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World AIDS Day: South Africa to treat all HIV children

To mark World AIDS Day, South Africa's President Jacob Zuma announced a major policy shift, offering to provide treatment to all children diagnosed as HIV-positive.

By Scott BaldaufStaff writer / December 1, 2009

A child plays in a plastic playhouse at Cotland's, a South African children's home that offers community-based and residential care facilities to sick and vulnerable children in Johannesburg. In a World AIDS Day address, president Jacob Zuma said Tuesday that the government will treat all HIV-positive babies and expand testing, a dramatic and eagerly awaited shift in a country that has more people living with HIV than any other.

Denis Farrell/AP

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Johannesburg

South African President Jacob Zuma, during his World AIDS Day speech, announced that South Africa would provide treatment for all HIV-positive children, a dramatic step forward for a country with the world's highest rate of people diagnosed as HIV positive.

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Mr. Zuma's pledge marks a departure from the policies of his predecessor, President Thabo Mbeki, who disputed the scientific evidence linking HIV with AIDS, and who actively discouraged the rollout of antiretroviral treatments to help AIDS patients live longer, more productive lives.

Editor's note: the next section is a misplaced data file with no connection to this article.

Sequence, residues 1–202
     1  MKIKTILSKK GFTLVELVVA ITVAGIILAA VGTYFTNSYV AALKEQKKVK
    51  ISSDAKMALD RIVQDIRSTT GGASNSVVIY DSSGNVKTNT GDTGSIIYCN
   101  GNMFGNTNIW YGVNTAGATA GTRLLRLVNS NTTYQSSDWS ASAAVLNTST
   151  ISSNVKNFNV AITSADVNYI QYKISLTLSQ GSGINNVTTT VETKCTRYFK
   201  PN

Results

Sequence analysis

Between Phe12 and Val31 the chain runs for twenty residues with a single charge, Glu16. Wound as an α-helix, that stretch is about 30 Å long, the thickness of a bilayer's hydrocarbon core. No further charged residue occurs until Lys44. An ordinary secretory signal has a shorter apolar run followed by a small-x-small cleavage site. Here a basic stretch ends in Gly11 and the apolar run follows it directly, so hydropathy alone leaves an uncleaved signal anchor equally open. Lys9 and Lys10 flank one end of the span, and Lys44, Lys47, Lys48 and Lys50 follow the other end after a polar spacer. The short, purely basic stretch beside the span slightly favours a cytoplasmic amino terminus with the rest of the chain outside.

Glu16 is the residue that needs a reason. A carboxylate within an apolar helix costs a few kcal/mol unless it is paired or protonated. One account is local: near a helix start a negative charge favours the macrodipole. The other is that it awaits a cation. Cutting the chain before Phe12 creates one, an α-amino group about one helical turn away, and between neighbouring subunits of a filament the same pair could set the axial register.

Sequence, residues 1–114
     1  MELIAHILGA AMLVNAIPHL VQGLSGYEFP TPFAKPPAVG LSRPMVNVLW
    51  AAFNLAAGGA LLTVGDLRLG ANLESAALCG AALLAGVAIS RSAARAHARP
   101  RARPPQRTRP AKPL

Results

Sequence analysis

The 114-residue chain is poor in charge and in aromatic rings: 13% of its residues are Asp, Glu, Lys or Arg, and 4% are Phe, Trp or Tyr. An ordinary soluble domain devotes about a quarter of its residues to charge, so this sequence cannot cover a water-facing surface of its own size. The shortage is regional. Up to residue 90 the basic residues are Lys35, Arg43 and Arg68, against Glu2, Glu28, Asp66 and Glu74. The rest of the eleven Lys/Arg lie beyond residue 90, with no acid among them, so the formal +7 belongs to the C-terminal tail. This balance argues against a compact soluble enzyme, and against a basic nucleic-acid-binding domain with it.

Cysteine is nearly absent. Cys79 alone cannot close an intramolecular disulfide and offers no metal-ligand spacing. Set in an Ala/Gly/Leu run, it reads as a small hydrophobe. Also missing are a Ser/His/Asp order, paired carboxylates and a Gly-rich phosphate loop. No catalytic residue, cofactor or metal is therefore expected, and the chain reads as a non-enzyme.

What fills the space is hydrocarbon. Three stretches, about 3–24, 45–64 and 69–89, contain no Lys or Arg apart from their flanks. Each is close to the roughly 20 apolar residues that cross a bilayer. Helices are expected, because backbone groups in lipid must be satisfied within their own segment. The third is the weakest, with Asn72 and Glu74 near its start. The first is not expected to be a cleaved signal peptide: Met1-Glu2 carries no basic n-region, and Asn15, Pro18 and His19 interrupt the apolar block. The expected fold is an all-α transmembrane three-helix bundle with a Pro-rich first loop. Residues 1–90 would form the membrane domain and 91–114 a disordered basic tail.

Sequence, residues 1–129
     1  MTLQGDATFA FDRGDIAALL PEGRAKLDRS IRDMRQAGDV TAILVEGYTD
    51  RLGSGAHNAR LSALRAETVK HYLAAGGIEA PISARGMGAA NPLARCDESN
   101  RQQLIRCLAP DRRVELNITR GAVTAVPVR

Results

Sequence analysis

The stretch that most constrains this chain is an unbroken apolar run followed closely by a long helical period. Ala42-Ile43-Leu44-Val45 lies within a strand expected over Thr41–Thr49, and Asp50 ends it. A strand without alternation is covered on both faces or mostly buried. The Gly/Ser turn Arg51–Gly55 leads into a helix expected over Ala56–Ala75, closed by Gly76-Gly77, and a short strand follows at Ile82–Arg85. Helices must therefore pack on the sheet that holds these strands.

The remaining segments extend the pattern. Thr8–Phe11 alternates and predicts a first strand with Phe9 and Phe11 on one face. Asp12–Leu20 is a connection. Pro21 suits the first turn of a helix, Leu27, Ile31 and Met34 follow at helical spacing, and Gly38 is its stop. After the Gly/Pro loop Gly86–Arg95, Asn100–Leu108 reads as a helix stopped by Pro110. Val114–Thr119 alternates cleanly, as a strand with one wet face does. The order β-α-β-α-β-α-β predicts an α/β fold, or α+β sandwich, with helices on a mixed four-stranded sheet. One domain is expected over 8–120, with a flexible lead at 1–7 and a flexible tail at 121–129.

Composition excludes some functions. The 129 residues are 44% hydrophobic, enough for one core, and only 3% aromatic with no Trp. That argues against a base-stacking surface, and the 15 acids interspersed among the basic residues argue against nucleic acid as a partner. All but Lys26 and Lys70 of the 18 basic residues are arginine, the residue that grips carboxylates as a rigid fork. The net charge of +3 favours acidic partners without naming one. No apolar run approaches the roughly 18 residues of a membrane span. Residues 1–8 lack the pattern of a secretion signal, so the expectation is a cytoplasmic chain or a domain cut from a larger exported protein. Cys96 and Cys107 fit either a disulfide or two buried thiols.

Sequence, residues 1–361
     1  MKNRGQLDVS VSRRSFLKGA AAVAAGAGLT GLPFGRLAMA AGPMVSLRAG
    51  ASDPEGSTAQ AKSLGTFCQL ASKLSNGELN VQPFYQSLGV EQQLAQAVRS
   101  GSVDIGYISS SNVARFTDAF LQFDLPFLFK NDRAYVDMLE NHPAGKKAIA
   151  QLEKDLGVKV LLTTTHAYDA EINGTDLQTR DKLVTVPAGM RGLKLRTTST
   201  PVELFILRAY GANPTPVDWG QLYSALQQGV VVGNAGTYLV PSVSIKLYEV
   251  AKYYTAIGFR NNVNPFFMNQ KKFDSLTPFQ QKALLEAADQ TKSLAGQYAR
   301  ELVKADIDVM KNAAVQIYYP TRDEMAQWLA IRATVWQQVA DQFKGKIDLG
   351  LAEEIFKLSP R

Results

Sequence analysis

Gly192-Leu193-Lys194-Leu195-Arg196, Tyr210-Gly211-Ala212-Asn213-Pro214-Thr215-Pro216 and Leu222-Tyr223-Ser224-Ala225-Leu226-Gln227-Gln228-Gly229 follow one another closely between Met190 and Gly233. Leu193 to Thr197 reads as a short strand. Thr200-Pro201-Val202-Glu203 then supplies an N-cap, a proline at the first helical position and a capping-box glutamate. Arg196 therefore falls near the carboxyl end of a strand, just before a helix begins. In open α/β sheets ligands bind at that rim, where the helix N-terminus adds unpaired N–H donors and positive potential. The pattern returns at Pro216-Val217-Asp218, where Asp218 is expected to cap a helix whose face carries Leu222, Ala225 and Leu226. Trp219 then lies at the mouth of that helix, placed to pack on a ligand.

Speaking to an enthusiastic crowd in the nation's capital in Tshwane (Pretoria), Zuma compared the fight against AIDS with the struggle for freedom against the white-racist rule of apartheid.

"That time has now come in our struggle to overcome AIDS," Zuma said. "Let us declare now, as we declared then, that we shall not submit."

The battle against HIV in South Africa has become a deeply transformative one for this country. More than one out of every 10 South Africans, or 5.7 million of them, has been diagnosed with the virus, and more than 2.4 million children have been orphaned by the disease thus far. Researchers say HIV tends to strike those in their child-bearing years, the disease has had a powerful economic and social effect on families in South Africa, a country where nearly 40 percent of the population lives in poverty. When parents die, their children lose disciplinarians and role models. When breadwinners die, a society loses its most productive workers, and children are forced to live with grandmothers and extended families, many of whom are already struggling themselves to make ends meet.

"I think it is beginning to dawn on South Africa as a whole that the scale of the situation is so alarming, it's difficult to imagine how we are going to deal with it," says Ivor Chipkin, the chief research specialist at the Human Sciences Research Council in Tshwane. "By 2015, 32 percent of all young South Africans will have lost one or both of their parents to HIV. That is astonishing. The South African family is in deep crisis."

Although the HIV virus appears to have first emerged in central Africa, perhaps around the Democratic Republic of Congo, it is southern Africa that has borne the greatest brunt of the disease. All of the top five HIV-affected countries are neighbors of South Africa, according to the UNAIDS. As of 2008, an estimated 22.4 million Africans were diagnosed as HIV-positive, out of 33 million HIV patients worldwide.

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